The TALE class is characterized by an atypical homeodomain that possess a three amino acid insertion between the first and second α-helices of the homeodomain (Bürglin, 1997) and includes Irx, Meis, Mkx, Pbx, Pknox, and Tgif gene families (Bürglin 1998; Holland et al. 2007). Several of these gene families also have conserved domains outside the homeodomain, for example, the IRO domain, the MEIS domain, MKX domains, the PBC domain, and the TGIF box (Mukherjee and Bürglin 2007). We identified nine TALE class homeobox genes in the B. floridae genome. Domain composition plus phylogenetic analyses of the homeodomain indicates that these comprise one member each for the Meis, Mkx Pbx, Pknox, and Tgif gene families, three genes in the Irx family, and one additional TALE class gene with no clear affinity to known families (Table 1, Supplementary Fig. 8). We name the novel gene Atale and suggest it may be a cephalochordate-specific novelty. Although Mkx genes lack the Irx motif, our phylogenetic analysis of the homeodomain suggests that this family represents a sister clade to the Irx family, as previously suggested (Mukherjee and Bürglin 2007).
The CUT homeobox class includes genes of the Cux, Satb, and Onecut families in vertebrates; these genes encode proteins with a homeodomain and one or more copies of the 75 amino acid DNA-binding CUT domain. All invertebrates previously analyzed lack the Satb gene family but have a Compass gene. Genes of the latter family lack the CUT domain but share a COMPASS domain with Satb genes, suggesting that Satb genes evolved from Compass genes (Bürglin and Cassata 2002). The CUT gene diversity of B. floridae has recently been analyzed (Takatori and Saiga 2008). Briefly, the amphioxus genome contains one member for each of the Cux, Onecut, and Compass families, plus one novel gene with four CUT domains and a homeodomain; there are no members of the Satb family (Table 1). Similarly, the sea urchin genome contains a Compass family but not a Satb member. These results suggest that the Satb family arose in the vertebrate lineage, probably from domain shuffling between Compass and Onecut genes, judging from similarity found between the homeodomains of these families.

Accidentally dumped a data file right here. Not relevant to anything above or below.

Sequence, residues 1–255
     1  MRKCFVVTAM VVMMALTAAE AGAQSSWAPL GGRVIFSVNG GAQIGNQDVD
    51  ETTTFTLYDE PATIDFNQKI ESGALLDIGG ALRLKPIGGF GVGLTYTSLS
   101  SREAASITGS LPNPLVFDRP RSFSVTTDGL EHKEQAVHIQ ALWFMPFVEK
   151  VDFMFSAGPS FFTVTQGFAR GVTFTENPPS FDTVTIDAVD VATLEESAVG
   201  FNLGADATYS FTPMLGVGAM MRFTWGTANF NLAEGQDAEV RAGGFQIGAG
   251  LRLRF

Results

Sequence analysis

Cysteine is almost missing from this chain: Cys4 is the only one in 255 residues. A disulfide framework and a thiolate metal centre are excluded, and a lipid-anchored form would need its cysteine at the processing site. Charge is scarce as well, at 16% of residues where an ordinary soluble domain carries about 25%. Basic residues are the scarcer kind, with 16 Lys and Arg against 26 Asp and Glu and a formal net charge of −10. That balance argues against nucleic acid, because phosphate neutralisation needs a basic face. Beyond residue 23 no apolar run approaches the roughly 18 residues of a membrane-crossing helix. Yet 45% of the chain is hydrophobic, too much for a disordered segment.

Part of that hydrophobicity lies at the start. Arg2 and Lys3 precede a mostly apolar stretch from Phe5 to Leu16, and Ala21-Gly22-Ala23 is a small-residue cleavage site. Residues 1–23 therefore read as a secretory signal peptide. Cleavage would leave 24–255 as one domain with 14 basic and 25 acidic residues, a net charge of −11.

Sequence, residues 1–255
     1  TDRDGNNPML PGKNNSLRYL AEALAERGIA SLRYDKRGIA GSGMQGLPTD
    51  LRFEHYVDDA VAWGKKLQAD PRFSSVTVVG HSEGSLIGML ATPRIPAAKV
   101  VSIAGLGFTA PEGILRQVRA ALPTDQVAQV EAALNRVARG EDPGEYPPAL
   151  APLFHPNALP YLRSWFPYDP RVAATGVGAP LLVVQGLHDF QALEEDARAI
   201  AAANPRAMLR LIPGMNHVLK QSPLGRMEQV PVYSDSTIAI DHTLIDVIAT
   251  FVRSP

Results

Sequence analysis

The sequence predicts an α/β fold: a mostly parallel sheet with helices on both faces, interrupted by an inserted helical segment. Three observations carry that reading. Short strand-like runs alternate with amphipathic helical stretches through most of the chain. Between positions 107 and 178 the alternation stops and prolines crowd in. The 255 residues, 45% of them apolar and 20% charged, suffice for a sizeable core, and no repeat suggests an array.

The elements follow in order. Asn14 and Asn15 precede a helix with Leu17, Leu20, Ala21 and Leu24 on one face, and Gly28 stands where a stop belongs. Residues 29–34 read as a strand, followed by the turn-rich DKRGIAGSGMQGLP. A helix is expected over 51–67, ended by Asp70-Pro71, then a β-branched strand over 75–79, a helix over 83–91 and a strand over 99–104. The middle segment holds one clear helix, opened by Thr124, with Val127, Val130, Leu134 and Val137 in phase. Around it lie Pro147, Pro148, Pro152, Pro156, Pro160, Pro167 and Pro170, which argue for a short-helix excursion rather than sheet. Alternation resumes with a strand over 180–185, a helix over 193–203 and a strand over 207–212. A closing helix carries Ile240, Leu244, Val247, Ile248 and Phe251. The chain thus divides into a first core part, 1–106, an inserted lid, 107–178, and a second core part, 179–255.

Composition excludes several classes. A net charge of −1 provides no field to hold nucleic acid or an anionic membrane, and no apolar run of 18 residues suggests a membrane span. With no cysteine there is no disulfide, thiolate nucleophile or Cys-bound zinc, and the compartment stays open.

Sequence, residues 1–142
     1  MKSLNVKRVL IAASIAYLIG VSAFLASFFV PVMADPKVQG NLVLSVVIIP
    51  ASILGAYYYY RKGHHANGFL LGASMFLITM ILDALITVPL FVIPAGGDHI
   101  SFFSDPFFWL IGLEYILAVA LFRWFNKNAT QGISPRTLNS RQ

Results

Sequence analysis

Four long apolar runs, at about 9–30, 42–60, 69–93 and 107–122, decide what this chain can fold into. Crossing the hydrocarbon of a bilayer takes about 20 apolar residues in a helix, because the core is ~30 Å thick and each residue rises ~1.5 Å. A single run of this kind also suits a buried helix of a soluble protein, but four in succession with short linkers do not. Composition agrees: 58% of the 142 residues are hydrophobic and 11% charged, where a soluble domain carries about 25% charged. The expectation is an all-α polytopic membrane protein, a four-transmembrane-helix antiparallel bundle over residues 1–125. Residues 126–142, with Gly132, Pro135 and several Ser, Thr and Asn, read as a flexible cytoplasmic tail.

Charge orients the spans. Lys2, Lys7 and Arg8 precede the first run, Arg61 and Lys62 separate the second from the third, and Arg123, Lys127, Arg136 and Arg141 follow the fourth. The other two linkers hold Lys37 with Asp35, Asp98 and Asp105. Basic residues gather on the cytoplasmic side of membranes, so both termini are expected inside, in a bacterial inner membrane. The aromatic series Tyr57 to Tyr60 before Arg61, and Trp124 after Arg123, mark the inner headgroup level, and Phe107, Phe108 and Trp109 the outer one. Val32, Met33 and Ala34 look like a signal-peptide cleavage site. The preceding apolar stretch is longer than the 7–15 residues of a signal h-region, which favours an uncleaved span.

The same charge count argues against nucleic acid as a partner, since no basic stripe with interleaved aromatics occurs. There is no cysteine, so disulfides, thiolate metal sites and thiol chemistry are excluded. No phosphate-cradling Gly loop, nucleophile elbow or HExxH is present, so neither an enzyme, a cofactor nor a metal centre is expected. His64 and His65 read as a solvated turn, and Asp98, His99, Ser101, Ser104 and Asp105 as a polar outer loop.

The PROS class, named after a Drosophila gene involved in control of neuronal identity (Chu-Lagraff et al. 1991; Doe et al. 1991), is characterized by a three amino acid insertion between the second and third α-helices of the homeodomain (Bürglin 1995) and by possession of the DNA-binding PROS domain of approximately 100 amino acids (Yousef and Matthews 2005). Two genes of this class have been identified in the mouse and human genomes (Holland et al. 2007; Nishijima and Ohtoshi 2006). We identified one amphioxus member of this class, with the characteristic amino acid insertion and the PROS domain (Table 1, Supplementary Fig. 9). Phylogenetic analysis suggests that vertebrate PROS genes duplicated after the divergence of the amphioxus and vertebrate lineages, probably as part of the whole genome duplications that occurred early in the vertebrate lineage.
The zinc finger (ZF) class, also called the ZFH class, includes proteins with homeodomain and zinc finger motifs and contains the Adnp, Zfhx, Zeb, Zhx/Homez, and Tshz families (Holland et al. 2007). Although members of this family share the zinc finger motif, previous molecular phylogenetic analyses suggest that this class is not necessarily monophyletic (Holland et al. 2007); homeodomains and zinc finger motifs might have become associated on more than one occasion in evolution.